Newspaper Page Text
THE RICE BELT JOURNAL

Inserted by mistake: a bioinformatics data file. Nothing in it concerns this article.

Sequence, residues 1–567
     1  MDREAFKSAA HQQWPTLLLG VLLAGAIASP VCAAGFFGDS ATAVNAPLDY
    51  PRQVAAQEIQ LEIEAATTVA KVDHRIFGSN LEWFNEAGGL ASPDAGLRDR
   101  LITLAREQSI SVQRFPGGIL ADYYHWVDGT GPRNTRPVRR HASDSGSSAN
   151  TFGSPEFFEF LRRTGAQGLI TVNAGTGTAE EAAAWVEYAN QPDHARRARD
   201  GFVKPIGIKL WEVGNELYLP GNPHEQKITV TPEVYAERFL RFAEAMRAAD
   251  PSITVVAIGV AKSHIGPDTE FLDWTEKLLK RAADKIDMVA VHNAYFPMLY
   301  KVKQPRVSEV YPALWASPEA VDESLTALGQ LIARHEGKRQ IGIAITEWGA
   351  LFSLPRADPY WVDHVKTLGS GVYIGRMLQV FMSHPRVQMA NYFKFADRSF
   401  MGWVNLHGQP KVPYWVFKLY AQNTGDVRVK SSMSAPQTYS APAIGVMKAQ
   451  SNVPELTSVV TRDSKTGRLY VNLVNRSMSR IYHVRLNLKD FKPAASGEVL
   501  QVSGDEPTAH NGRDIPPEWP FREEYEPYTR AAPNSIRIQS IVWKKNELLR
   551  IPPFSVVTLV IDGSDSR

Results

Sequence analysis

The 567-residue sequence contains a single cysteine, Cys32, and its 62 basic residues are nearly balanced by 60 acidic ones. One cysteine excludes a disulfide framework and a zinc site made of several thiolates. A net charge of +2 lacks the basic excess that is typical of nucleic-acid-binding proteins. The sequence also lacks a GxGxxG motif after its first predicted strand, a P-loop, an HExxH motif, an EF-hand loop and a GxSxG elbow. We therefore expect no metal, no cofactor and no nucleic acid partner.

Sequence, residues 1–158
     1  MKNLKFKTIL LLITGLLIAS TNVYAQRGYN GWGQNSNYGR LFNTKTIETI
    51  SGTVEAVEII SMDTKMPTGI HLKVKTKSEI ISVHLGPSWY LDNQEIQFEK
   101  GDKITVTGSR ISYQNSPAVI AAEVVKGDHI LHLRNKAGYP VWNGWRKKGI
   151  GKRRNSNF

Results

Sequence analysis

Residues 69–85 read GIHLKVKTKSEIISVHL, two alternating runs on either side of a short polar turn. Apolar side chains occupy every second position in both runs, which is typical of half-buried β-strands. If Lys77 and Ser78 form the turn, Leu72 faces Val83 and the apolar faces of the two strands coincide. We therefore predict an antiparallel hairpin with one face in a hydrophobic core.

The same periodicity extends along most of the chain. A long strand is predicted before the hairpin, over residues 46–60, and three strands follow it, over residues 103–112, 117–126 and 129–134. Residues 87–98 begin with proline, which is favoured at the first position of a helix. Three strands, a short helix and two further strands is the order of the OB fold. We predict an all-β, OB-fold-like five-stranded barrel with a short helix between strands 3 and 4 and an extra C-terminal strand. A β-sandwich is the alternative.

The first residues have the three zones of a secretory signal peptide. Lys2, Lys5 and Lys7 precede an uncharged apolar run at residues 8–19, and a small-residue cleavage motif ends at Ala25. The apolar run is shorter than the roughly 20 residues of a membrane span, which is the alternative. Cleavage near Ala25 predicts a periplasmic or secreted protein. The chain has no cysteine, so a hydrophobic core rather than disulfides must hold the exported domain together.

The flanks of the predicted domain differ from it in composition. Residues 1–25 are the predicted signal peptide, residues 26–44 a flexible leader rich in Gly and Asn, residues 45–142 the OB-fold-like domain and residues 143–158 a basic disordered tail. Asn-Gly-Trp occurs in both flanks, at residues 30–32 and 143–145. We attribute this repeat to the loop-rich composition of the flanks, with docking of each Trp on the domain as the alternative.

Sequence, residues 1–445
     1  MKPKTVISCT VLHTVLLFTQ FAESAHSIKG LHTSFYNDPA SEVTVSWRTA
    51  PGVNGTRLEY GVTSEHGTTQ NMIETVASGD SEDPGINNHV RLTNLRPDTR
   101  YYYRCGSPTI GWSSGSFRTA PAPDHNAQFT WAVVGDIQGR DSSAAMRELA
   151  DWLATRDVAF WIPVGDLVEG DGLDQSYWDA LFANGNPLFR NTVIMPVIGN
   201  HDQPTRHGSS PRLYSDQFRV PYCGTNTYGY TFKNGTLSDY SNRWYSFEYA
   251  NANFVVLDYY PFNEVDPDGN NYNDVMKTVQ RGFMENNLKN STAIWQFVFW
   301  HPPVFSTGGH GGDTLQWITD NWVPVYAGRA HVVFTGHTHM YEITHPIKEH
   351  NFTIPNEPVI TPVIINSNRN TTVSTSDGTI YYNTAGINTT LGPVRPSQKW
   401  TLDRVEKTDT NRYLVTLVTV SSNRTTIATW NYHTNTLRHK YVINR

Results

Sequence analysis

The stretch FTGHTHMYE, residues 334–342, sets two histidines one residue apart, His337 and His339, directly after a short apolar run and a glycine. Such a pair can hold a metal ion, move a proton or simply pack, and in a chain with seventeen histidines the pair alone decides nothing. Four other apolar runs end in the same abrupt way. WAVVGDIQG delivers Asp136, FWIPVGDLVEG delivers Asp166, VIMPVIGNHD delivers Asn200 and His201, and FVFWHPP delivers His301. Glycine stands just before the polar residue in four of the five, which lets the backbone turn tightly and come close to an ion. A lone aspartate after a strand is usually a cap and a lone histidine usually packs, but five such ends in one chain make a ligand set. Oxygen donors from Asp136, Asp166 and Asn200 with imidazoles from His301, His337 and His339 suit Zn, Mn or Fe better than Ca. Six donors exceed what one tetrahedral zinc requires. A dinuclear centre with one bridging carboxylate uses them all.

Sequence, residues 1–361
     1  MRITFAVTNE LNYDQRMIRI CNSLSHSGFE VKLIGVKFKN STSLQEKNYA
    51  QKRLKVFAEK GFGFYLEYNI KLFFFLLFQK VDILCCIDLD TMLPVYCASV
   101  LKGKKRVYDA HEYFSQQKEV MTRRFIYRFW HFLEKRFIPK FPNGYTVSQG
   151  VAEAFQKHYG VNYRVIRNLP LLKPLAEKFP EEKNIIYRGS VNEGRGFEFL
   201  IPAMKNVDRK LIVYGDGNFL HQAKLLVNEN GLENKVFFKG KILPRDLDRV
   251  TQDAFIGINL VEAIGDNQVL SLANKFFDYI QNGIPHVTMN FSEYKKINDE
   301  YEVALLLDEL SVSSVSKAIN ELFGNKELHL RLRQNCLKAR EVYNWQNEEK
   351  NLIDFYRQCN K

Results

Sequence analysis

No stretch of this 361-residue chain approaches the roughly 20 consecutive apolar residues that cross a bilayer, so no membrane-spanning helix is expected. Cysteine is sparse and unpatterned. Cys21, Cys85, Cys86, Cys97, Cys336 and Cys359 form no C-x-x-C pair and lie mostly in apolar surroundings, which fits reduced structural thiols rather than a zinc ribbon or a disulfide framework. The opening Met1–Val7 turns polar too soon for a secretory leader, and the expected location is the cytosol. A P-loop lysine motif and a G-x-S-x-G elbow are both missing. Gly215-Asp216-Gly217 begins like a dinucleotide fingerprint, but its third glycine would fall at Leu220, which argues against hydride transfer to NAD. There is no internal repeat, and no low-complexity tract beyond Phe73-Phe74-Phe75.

WELSH PTG. CO., LTD., Pubs. WELSH. ": LOUISIANA ELIMINATION OF "HELLO." The matter of greetings at the tele phone has figured in various philo sophic disquisitions, to say nothing of casual comment upon a thousand lips. The loftiest flight which this interest ing topic ever achieved, we believe, was in a late novel of very high life, wherein the aristocratic millionairess was represented as shuddering to the very core of her refined being when addressed over the telephone by the vulgar "Hello!" We presume that the untaught individual on the other end should have opened proceedings with "Greetings!" "Happy Days!" "May it please your loveliness," or some such piece of elegance. But to the most of us "Hello!" has been good enough and indeed a sweet and satisfying word. Why is it, then, that the word is slow ly vanishing from the wires? Simply because in this sordid age-when sec onds are esteemed more highly than healt. or happiness-the elimination of "Hello!" makes for speed. As an emolient, a lubricant and saponifiler no criticism of the word has been of fered. There is something about the liquidity of its utterance which com bines a sufficiency of shout with a maximum of grace. Such polished thoughts are of no avail with the tele phone directors, however. Save in rare circumstances, no "Hello!" is now al lowed to cross a central's lips. The statement showing a decrease in the exports of food products and certain other articles during Septem ber does not imply that there was a falling off in other exports. Such was not the case. The total exports from the United States for September were $153,890,000, a gain of $14,563,000 com pared with the same month last year. This means that an exceptionally large proportion of exports represented manufactures, the work of the best paid skilled labor. For the nine months ended with September there was an increase of $270,020,000 in imports and something of a decrease in exports as compared with the like period the year before. But the increase in exports for September shows that the tide is turning. And as it is there is an en' cess of $92,292,000 in exports over im ports for the nine months. There are fluctuations in trade currents, as is in evitable, but the United States still holds an economic advantage with a baalnce in its favor. Had the mildness of the weather in November anything to do with the lightness of the fire loss during that month in Canada and the United States? The aggregate for the month was only $14,808,550, which in round numbers was $3,000,000 below October, and which was lower than the fire loss in any month last year except Decem ber, and lower than for any month in the current year except March and June. The year 1909 undoubtedly is going to make a creditable record as to firea. The aggregate fire loss for the first 11 months of 1909 has been $183, 673,700, which is $40,000,000 less than the loss in the corresponding period of 1908 and $16,000,000 less than dur ing the first 11 months of 1907. Bank clearings in New York city for November amounted to $9,063,576,652, which is a record for that month, ex ceding the figures of 1908 by 10.6 per cent, and being 72 per cent greater than in 1907, when the "panic" struck the metropolis. Clearings outside of New York for November were not quite as large relatively, but repre sented the second-best showing ever gistered and were 35 per cent. above returns for November, 1907. Clear make an important business bar .eter, and the figumes quoted are highly satisfactory as indicating Shealthful conditions. - Efforts have been made to establish Volapuk, Esperanto and other so Scalled universal languages as a com n on tongue, but, while they have mer SIt, it Is not a far look into the here Safter or a rash prophecy to predict ! that for all practical purposes the / Anglo-Saxon language will become the I dominant speech of the world in the e· ar future. I Lod Rosebery says that Europe DI. r#t stop building Dreadnoughts and aslntainlng big armies or go into Sankrumptcy. If his lordship keeps on Iaklng these reckless predictions he wIll get himself called a "Little Eng Sander" or some equally obnoxious 'he couple in Connecticut who mar Sto evade the Immigration lays, now seek relief from the penalty t defying it, ought to be deled relief * vindiqate the majesty of the law. Sadding insult to ljury to try and the law a party to its own eva. he war agtajerthe pompaluared Ld has developed the fact that ea Woman will See for her life ma~se, she will stand by a rat 4 'i 4 IND AT ID GAT BY 'II OAS$ON , ILLIAsTRAT/Otk7 5Y RAY WALTE/?c5 Vmany oNrr / s1 Y O avRUB-I C* Miss Patricia Holbrook and Miss Helen Holbrook, her niece, were entrusted to the care of Laurance Donovan, a writer, B summering near Port Annandale, Miss Patricia confided to Donovan that she feared her brother Henry, who, ruined by I a bank failure, had constantly threatened her for money from his father's will, of 1 which Miss Patricia was guardian. They came to Pori Annandale to escape Henry. Donovan sympathized with the two 1 women. He learned of Miss Helen's an noying suitor. Donovan discovered and captured an intruder, who proved to be Reginald Gillespie, suitor for the hand of Miss Helen Holbrook. Gillespie disap peared the following morning. A rough sailor appeared and was ordered away. Donovan saw Miss Holbrook and her fa r ther meet on friendly terms. Donovan fought an Italian assassin. He met the man he supposed was Holbrook, but who said he was Hartridge, a canoe-maker. After a short discussion Donovan left I surlily. Gillesple was discovered by Don ovan presenting a country church with $1,000. Gillespie admitted he knew of Hol brook's presence. Miss Pat acknowledged to Donovan that Miss Helen had been missing for a few hours. While riding in a launch, the Italian sailor attempted to molest the trio, but failed. Miss Pat announced her intention of fighting Henry Holbrook and not seeking another hiding place. Donovan met Helen in garden at night. Duplicity of Helen was confessed by the young lady. She admitted conniving with her father despite her aunt's precautions, in a night meeting with Don ovan. The three went for a long ride the following day. That night, disguised as a nun. Helen stole from the house. She met Reginald Gillesple, who told her his love. Gillespie was confronted by Donovan. Helen's lover escaped. At the town post office Helen, unseen except by Donovan, slipped a draft into the hand of the Ital ian sailor. She also signaled her father. Miss Pat and Donovan "took in" the canoe carnival. A young lady resembling Miss Helen Holbrook was observed alone in a canoe, when Helen was thought to have been at home. Donovan met Gil lespie CHAPTER XII-Continued. "I, myself," he continued, taking a chair near me and placing his feet in an open window, "am cursed with rugged health. I have quite recovered from those unkind cuts at the nunnery -thanks to your ministrations-and am willing to put on the gloves with you at any time." "You do me great honor; but the affair must wait for a lower tempera ture." "As you will! It Is not like my great and gracious ways to force a fight. Pardon me, but may I inquire for the health of the ladies at Saint What's-her-name's?" "They are quite well, thank you." "I am glad to know it;"-and his tone lost for the moment its jaunti ness. "Henry Holbrook has gone to New York." "Good riddance!" I exclaimed, hear tily. "And now-" "-And now if I would only follow suit, everything would be joy plus for you!" He laughed and slapped his knees at my discomfiture, for he had read my thoughts exactly. "You certainly are the only blot on the landscape!" "Quite so. And if I would only go hence the pretty little Idyl that is be ing enacted in the delightful garden, under the eye of a friendly chaperon, would go forward without interrup tion." He spoke soberly, and I had ob served that when he dropped his chaff a note of melancholy crept into his taljc. He folded his arms and went on: "She's a wonderful girl, Donovan. There's no other girl like her in all the wide world. I tell you it's hard for a girl like that to be in her posi tion-the whole family broken up, and that contemptible father of hers hang ing about with his schemes of plunder. It's pitiful, Donovan; it's pitiful!" "It's a cheerless mess. It all came after the bank failure, I suppose." "Practically, though the brothers never got on. You see my governor was bit by their bank failure; and Miss Pat resented the fact that he backed off when stung. But the Gil lespies take their medicine; father never squealed, which makes me sore that your Aunt Pat gives me the icy eye." "Their affairs are certainly mixed," I replied, non-committally. "They are indeed; and Ihave studied the whole business until my near mind is mussed up, like scrambled eggs. Your own pretty idyl of the nunnery garden adds the note pt. Quante. Cross my palm with gold and I'll tell you of strange things that lie in the future. I have an idea, Dono van; singular though it seem, I've a notion in my head." "Keep it," I retorted, "to prevent a cranial vacuum." "Crushed! Absolutely crushed!" he replied, gloomily. "Kick me. I'm only the host." We were silent while the few sounds of the village street droned in. He rose and paced the floor to shake off his mood, and when he sat down he seemed in better spirits. "Holbrook will undoubtedly return," I said., "Yes; there's no manner of doubt about that." "And then there will be more trou- i ble." "Of course." "But I suppose there's no guessing I when he will come back." "He will come back as soon as he's I spent his money." I: felt a delicacy aboqt referring to 1 that transaction on the pier. It was I a wretched business, and I now I realised that the shame of it was not lost on Gillespie. i UHow 4oe anrwy come to have that ·· -~~s ~~ .*·: (.E ht ei uWhat the Devil Did You Bring Me Up Here For?" Italian scoundrel with him?" I asked after a pause. "He's the skipper of the Stiletto," Gillespie replied, readily. "He's a long way from tide-water," I remarked. "A blackguard of just his sort once sailed me around the Italian peninsula in a felucca, and saved me from drowning on the way. His hero ism was not, however, wholly disinter ested. When we got back to Naples he robbed me of my watch and money belt and I profited by the transaction, having intended to give him double their value. But there are plenty of farm boys around the lake who could handle the Stiletto. Henry didn't need a dago expert." The mention of the Italian clearly troubled Gillespie. After a moment he said: "He may be holding on to Henry in stead of Henry's holding on to him. Do you see?" "No; I don't." "Well, I have an idea that the dago knows something that's valuable. Last summer Henry went cruising in the Sound with a pretty rotten crowd, poker being the chief diversion. A man died on the boat before they got back to New York. The report was that he fell down a hatchway when he was drunk, but there were some ugly stories in the papers about it. That Italian sailor was one of the crew." "Where is he now?" "Over at Battle Orchard. He knows his man and knows he'll be back. I'm waiting for Henry, too. Helen gave him $20,000. The way the market is running he's likely to go broke any day. He plays stocks like a crazy man, and after he's busted he'll be back on our hands." "It's hard on Miss Pat." "And it's harder on Helen. She's in terror all the time for fear her father will go up against the law and bring further disgrace on the family. There's her Uncle Arthur, a wanderer on the face of the earth for his sins. That was bad enough without the rest of it." "That was greed, too, wasn't it?" "No, just general cussedness. He blew in the Holbrook bank and skipped." "You told me that Henry Holbrook found his way here ahead of you. How do you account for that?" He looked at me quickly, and rose, again pacing the narrow room. "I don't! I wish I could!" "It's about the last place in the world to attract him. Port Annandale is a quiet resort frequented by western people only. There's neither hunting nor fishing worth mentioning; and a man doesn't come from New York to Indiana to sail a boat on a thimbleful of water like this lake." "You are quite right." "If Helen Holbrook gave him warn. ing that they were coming here--" "Don't you dare say it! She couldn't have done! She wouldn't have done it! I tell you I know, independently of her, that he was here before Father Stoddard ever suggested this place to Miss Pat." "Well, you needn't get so hot about it" "And you needn't insinuate that she is not acting honorably in this affair! I should think that after making love to her, as you have been doiag, and playing the role of comforter to Miss Pat, you would have the decency not to accuse her of connivance with Hen ry Holbrook." "You let your Jealousy Set the better of your good sense. I have not been making love to Miss Holbrook!" I de clared, angrily, and knew in my heart that I lied. "Well, Irishman," he exclaimed with entire good humor; "let us not bring up mine host to find us locked in mor tal combat." "What the devil did you bring me up here for?" I demanded. "Oh, just to enjoy your society. I get lonesome sometimes. I tell you a man does get lonesome in this world when he has nothing to lean on but a blooming button factory and a step mother who flits among the world's ex pensive sanatoria. I know you have never had 'Button, button, who's got the button?' chanted in your ears, but may I ask whether you have ever known the joy of a stepmother? I can see that your answer will be an unregretful negative." He was quite the fool again, and stared at me vacuously. "My stepmother is not the common type of juvenile fiction. She has never attempted during her widowhood to rob the orphan or to poison him. Bless your Irish heart, no! She's a good woman, and rich in her own right, but I couldn't stand her dietary. She's afraid I'm going to die, Donovan! She thinks everybody's going to die. Father died of pneumonia and she said ice-water in the finger-bowl did it, and she wanted to have the butler ar rested for murder. She had a new disease for me every morning. It was worse than being left with a button works to draw a stepmother like that. She ate nothing but hot water and zweibach herself, and shuddered when I demanded sausage and buckwheat cakes every day. She caught me one day clearing up a couple of chickens and a mug of Bass with the gardener, and it was all over. She had noticed, she said, that I had been coughing of late-I was doing a few cigarettes too many, that was all-and wired to New York for doctors. She had all sorts, Donovan-alienists and pneumogastric specialists and lung experts. "The people on Strawberry Hill thought there was a medical conven tion in town. I was kidnaped on the golf course, where I was about to win the eastern Connecticut long-drive cup, and locked up in a dark room at home tor two days while they tested me. They made all the known tests, Donovan. They tested me for dis eases that haven't been discovered yet, and for some that have been ex tinct since the days of Noah. You can see where that put me. I was afraid to fight or sulk for fear the alienists would send me to the madhouse. I was afraid to eat for fear they would think that was a symptom, and every time I asked for food the tape-worm man looked intelligent and began pre scribing, while the rest of them were terribly chagrined because they hadn't scored first. The only joy I got out of the rumpus was in hitting one of those alienists a damned hard clip in the ribs, and I'm glad I did it. He was feeling my medulla oblongata at the moment, and as I resent being man handled I pasted him one-he' was a young chap, and fair game-I pasted him one, and then grabbed a suit-case ~and slid. I stole away in a clamboat for New Haven, and kept right on up into northern Maine, where I stayed with the Indianis until my father's re lict went off broken hearted to Bad N:eubeim to drink the waters. And here I ama, by the grac of (, in perfect health and in full control of the button market of the world." "You have undoubtedly been sorely tried," I said as he broke off mournful ly. In spite of myself I had been en tertained. He was undeniably a fellow of curious humor and with unusual ex perience of life. He followed me to the street, and as I rode away he called me back as though to impart something of moment. "Did you ever meet Charles Dar win?" "He didn't need me for proof, But tons."' "I wish I might have had one word with him. It's on my mind" that he put the monkeys back too far. I should be happier if he had brought them a little nearer up to date. I should feel less lonesome, Irishman." He stopped me again. "Once I had an ambition to find an honest man, Donovan, but I gave it up -it's easier to be an honest man than to find one. I give you peace!" I had learned some things from the young button king, but much was still opaque in the affairs of the Hol brooks. The Italian's presence as sumed a new significance from Gilles pie's story. He had been party to a conspiracy to kill Holbrook, alias Hartridge, on the night of my adven ture at the houseboat, and I fell to wondering who had been the shadowy director of that enterprise-the cow-. ard who had hung off in the creek and waited for the evil deed to be done. CHAPTER XIII. The Gate of Dreams. In my heart I was anxious to do justice to (illespie. Sad it is that we are all so given to passing solemn judgment on trifling testimony! I my self am not impeccable. I should at any time give to the lions a man who uses his thumb as a paper-cutter; for such a one is clearly marked for bru tality. My prejudices rally as to a trumpet-call at the sight of a girl wearing overshoes or nibbling bon bons-the one suggestive of predatory habits and weak lungs, the other of nervous dyspepsia. The night was fine, and after re turning my horse to the stable I con tinued on to the Glenarm boathouse. I was strolling along, pipe in mouth, and was half-way up the boathouse steps when a woman shrank away from the veranda rail, where she had been standing, gazing out upon the lake. There was no mistaking her. She was not even disguised to-night, and as I advanced across the little ver anda she turned toward me. The lan tern over the boathouse door suffused us both as I greeted her. "Pardon me, Miss Holbrook; I'm afraid I have disturbed your medita tions," I said. "But if you don't mind-" "You have the advantage of being on your own ground." she replied. '"I waive all my rights as tenant if you will remain." "It is much nicer here than on St. Agatha's pier; you can see the lake and the stars better. On the whole," she laughed, "I think I shall stay a moment longer, it you will tolerate me." I brought out some chairs and we sat down by @e rail, where we could look out upon the star-sown heavens and the dark fiabr of stars beneath. Helen bent forward with her elbows resting on the rail, her hands clasped under her chin. The lamplight fell full upon her slightly lifted head, and upon her shoulders, over which lay a flmy veil. She hummed dreamily for -moment while I watched her. Had she one mood for the day and another for the night? I had last seen her that afternoon after an hour of ten nis, at which she was expert, and she had run away through Glenarm. gate with a taunt for my defeat; but now the spirit of stars and of all earth's silent things was upon her. I looked twice and thrice at her clearly outlined profile, at the brow with its point of dark hair, at the hand where on the emerald was clearly distin guishable, and satisfied myself that there could be no mistake about her. "You grow bold," I said, anxious to hear her voice. "You don't mind the pickets a bit" "No. I'm quite superior to walls and fences. You have heard of those East Indians who appear and disap pear through closed doors; well, we'll assume that I had one of those fel lows for an ancestor! It will save the trouble of trying to account for my exits and entrances. I will tell you in confidence, Mr. Donovan, that I don't like to be obliged to account for myself!" (TO BE CONTINUED.) Most Obstinate Things. A bachelor says I mule is the most obstinate thing on earth, but married men know better.-Chicago Daily News. River's Immense Traffic. In the River Lek, Holland, and its connecting canal to Amsterdam the tram1c amounts to over 60,000 vessels of all kinds per annum. A PROPOSAL.. Housewife-You always seem to es joy eating my food, but my husband b never suited with it! Beggar-Say, get a divorce and marry me! EPIDEMIC OF ITCH IN WELSH VILLAGE "In Dowlais, South Wales, about gf. teen years ago, families were strihk en wholesale by a disease known s the itch. Believe me, it is the most terrible disease of its kind that I know of, as it itches all through your body and makes your li:: an inferno. Sleep is out of the question and yon feel as it a million mosquitoes were attacking you at the same time. I knew a dozen families that were o affected. "The doctors did their best, but their remedies were of no avail what. ever. Then the families tried a drug. gist who was noted far and wide for his remarkable cures. People came to him from al parts of the country fo' treatment, but his medicine made matters still worse, as a last resort they were advised by a friend to use the Cuticura Remedies. I am glad to tell you that after a few days' treat. ment with Cuticura Soap, Ointment and Resolvent, the effect was wonder. ful and the result was a perfect crs in all cases. "I may add that my three brothers, three sisters, myself and all our faI. ilies have been users of the Cuticrma Remedies for fifteen years. Thomas Hugh, 1650 West Huron St., Chicaq Ill., June 29, 1909." His Terrible Threat. Aviation has improved considerably since the time when Col. Cleary, them county commissioner and for years a well-known Chicagoan, made a balleon ascension at a county fair over is Michigan, says the Chicago Journal. As the guest of honor the colonud was sent upward with the assuranee that there was absolutely no danger. But as the distance from the earth grew greater the colonel leaned out anxiously. "Pull me in!" he shouted. The men who were bailing out the rope paid no heed to his demat. Higher and higher went the balloa,. Wilder and wilder grew the coloseL Finally, almost standing on his head as he tried to keep a precarious bskE ance, he gave a final cry of eom:': perated panic: "Pull me in, I tell you, or I'll t the rope!" Whiskers. A Roman poet told of the pride asm of the late Caesars took in his grent whiskers. On some of the wildwood. Hill Billies I have seen beards some feet long, a switch of the loose eni hanging out from under the waistcoat.t Others braided the growth and tied It around the neck, while still othenrs. braided it around the waist, tying it, behind like apron strings. One tall. me he combed and plaited his everf night, and put it away into a lOS,;" linen bag or nightgown, so as to keq it from getting all tangled up with blei2 wife and his feet.-New York Press. i Professional Conduct. One of the best stories told abou@t Mr. Blrrell concerns a poor client, whose case he took up for nothioa When tne case had been won, the el ent gratefu'ly sent him the sum of 1i which he accepted in order not to give: offense. A colleague reproached bhi however, for this "unprofessional cof duct" In taking less than gold. "BIt ' I took all the poor beggar had," 5 Mr. Blrrell, "and I consider that is aid unprofesslonal."-M. A. P. INSOMNIA Leads to Madness, it not Remedied it Time. "Experiments satisfied me, some years ago," writes a Topeka womaa "that coffee was the direct cause of tbh insomnia from which J suffered tel%' ribly, as well as the extreme nervous ness and acute dyspepsia which madi life a most painful thing for me. "I had been a coffee drinker sntace childhood, and did not like to think that the beverage was doing me all tbi: harm. But it was, and the time ca53e when I had to face the fact, and pro' tect myself. I therefore gave up coffeei abruptly and absolutely, and adoptSd Postum as my hot drink at meals. :i "I began to note improvement In m? condition very soon after I took (0;I Postum. The change proceeded gri5 nally, but surely, and it was a matter only a few weeks before I found mU* self entirely relieved-the nervousness passed away, mt digestive apparati was restored to normal efficiency, a3@ I began to sleep, restfully and peaa' fully. "These happy conditions have cO_ tinued during all of the 5 years, aud i am safe in saying that I owe them tirely to Postum, for when I began drink it I ceased to use medicina' Read the little book, "The Road Wellville,"in pkgs. "There's a Reasro Ever read the above lettert A eue appears from time to time. klatuet.